Those Who Remain – Review

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Those Who Remain is the latest work from Portuguese studio Camel 101, which has spent the last few years developing a project that will make a lot of good people sweat. It tells the story of Edward, a man who had a perfect life, but who fell apart as a result of tragic events. After deciding to put an end to his extramarital relationship, he drives to Dormont to meet his mistress. Upon arriving at the scene, he finds himself in a very strange situation where the whole small town seems to be deserted and surrounded by almost total darkness. We are quickly absorbed in the case of a child’s murder and from then on, nothing else was normal. It is from this moment on that Edward will be subjected to a test of his morality, where the player will be forced to make certain choices during the game, resulting in the possibility of several different endings.

 

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What’s on the menu?

 

Not recommended for the faint of heart

Those Who Remain is a game very focused on exploring the scenarios and interacting with them. There are several puzzles that, in many cases, require some attention and reasoning from the player, especially in the end. Fortunately they are never extremely difficult.

The game takes us to some very strange places and one of them is the inverted world. Basically, through certain doors on the levels, we are transported to where we are at that moment, but in a completely distorted reality. For those of you who have seen Stranger Things, I’m sure you’ll understand what I’m talking about. To my surprise, when I was in the inverted world, I felt an inner calm much superior to the real world, but where, at the same time, I seemed to be suffocating with all the visual intensity that was being presented to me.

 

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Have you ever played the wall of death?

 

As I said before, the game contains several puzzles and many of them are solved by travelling between both dimensions. As an example, I had to turn on the lights in a car to keep some enemies away. To do that, I had to do several actions in the area, where many of them were executed in the reverse world and had an effect only in the real world. This eventually happened on several occasions throughout the adventure. Besides puzzles, many actions are only activated after we read certain documents, which may be placed in various places. Be prepared to open and close many doors and drawers throughout this journey.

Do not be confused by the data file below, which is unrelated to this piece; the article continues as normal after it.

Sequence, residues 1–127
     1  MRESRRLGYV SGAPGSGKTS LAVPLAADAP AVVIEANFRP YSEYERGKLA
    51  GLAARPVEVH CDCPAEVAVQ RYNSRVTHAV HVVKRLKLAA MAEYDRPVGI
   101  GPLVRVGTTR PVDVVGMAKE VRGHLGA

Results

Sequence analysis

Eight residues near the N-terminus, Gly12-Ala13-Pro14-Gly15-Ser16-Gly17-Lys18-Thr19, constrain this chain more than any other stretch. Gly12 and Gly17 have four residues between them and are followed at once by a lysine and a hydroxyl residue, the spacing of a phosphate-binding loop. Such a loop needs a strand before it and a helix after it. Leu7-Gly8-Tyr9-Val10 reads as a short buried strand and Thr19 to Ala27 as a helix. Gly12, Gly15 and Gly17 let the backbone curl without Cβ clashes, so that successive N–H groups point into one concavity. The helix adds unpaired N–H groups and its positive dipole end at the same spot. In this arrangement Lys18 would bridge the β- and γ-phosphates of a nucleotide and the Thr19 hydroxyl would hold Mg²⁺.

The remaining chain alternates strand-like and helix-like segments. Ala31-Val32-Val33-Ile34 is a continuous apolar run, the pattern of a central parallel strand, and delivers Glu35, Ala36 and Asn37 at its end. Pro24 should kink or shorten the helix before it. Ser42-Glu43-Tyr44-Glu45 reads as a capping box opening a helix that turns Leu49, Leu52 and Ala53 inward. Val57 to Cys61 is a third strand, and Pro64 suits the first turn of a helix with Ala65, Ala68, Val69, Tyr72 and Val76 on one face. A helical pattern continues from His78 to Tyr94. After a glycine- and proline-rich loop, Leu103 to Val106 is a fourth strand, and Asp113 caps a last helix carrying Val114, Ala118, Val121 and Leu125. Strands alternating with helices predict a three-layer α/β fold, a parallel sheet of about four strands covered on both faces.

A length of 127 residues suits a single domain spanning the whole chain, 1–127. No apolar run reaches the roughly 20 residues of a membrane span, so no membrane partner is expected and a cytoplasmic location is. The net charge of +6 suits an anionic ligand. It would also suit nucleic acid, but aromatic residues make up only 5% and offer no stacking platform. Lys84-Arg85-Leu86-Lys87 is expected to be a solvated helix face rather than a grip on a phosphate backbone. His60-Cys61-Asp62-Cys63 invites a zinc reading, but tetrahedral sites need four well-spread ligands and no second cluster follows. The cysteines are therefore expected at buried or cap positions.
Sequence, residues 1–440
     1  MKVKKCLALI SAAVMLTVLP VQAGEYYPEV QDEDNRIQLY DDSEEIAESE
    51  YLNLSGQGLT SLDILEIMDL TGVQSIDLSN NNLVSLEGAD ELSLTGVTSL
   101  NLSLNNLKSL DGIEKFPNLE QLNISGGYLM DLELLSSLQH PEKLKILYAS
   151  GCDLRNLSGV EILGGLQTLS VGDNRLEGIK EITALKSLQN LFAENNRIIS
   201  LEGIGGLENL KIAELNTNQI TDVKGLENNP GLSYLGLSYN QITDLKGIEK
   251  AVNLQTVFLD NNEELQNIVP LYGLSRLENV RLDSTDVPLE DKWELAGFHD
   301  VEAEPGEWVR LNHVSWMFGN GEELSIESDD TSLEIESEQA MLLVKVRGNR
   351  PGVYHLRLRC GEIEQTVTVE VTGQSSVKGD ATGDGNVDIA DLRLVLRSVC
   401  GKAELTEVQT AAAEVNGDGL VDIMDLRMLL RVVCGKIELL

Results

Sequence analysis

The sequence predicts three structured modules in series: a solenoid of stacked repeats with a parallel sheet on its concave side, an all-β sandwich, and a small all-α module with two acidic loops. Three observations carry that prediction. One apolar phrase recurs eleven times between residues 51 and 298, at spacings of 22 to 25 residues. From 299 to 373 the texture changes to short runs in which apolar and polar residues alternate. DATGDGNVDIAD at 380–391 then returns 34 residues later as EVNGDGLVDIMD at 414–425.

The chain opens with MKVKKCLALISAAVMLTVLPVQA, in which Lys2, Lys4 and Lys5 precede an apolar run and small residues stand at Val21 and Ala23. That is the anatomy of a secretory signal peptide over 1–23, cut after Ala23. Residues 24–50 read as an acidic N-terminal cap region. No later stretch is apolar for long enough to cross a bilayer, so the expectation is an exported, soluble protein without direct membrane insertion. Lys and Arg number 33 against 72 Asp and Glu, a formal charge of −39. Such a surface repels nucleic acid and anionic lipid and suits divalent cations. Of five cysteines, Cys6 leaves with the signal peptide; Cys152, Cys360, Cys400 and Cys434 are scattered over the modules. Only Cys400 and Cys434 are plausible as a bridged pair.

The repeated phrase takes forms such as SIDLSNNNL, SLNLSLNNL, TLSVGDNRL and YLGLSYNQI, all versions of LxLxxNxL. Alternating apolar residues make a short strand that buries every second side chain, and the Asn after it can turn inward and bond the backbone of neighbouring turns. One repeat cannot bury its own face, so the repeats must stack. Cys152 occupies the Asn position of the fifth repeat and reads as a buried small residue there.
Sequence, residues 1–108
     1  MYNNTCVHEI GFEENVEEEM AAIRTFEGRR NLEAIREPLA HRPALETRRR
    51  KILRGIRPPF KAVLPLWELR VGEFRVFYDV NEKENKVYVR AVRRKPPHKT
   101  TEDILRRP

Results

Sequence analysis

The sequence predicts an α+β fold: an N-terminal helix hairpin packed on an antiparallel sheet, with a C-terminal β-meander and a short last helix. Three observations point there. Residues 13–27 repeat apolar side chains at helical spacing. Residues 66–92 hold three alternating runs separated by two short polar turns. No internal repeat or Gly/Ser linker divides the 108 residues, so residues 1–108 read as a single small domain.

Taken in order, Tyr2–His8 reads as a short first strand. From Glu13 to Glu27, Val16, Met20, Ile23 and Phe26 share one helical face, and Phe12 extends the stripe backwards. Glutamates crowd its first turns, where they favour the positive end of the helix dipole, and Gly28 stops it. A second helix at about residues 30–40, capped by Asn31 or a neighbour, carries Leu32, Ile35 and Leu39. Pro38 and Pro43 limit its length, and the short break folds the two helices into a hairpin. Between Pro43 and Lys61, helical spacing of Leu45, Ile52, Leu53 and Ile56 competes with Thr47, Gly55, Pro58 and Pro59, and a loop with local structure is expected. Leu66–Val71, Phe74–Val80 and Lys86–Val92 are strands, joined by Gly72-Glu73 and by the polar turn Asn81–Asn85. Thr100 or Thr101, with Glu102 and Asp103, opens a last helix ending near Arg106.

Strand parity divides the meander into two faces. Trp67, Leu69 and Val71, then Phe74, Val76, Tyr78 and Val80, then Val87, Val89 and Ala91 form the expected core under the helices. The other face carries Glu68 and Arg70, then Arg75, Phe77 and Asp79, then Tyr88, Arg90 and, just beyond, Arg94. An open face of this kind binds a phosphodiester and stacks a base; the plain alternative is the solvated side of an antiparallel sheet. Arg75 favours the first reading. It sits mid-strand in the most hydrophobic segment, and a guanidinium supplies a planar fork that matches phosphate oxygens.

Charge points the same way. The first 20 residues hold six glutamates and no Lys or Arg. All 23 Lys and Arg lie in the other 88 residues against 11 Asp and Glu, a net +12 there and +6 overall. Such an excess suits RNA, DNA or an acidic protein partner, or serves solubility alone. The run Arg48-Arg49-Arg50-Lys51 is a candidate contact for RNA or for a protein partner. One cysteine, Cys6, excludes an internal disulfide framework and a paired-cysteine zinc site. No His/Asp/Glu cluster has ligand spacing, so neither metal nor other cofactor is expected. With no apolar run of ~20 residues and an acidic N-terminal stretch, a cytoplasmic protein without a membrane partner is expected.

In addition to these interactions I mentioned, the game also contains some platform parts, but don’t worry. The only jumps that will happen in the game are related to scares. The platform system is well done and linked directly with puzzle solving. Some of these platform zones are applied in a very peculiar way. Every x seconds, the game automatically shifts between the real and the inverted world, and it is in the latter that the platforms are. Since we can’t jump, we have to go through the correct space while we’re in the real world, so that when the game switches to the inverted world, we can then be on the correct platform. It may sound complicated, but of the many times this has happened, it’s only the last one that I found quite demanding, even after deciphering the distance I had to travel.

 

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No, it’s not night goggles.

 

Visions and sounds that made me uncomfortable